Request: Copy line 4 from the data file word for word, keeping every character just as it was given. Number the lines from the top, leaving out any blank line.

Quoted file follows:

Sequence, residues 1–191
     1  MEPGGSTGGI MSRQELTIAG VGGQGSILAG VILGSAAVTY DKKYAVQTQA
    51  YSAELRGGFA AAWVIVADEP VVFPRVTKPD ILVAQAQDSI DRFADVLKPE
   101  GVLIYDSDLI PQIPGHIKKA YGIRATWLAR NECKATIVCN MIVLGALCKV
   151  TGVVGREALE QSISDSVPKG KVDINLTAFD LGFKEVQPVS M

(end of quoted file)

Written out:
   101  GVLIYDSDLI PQIPGHIKKA YGIRATWLAR NECKATIVCN MIVLGALCKV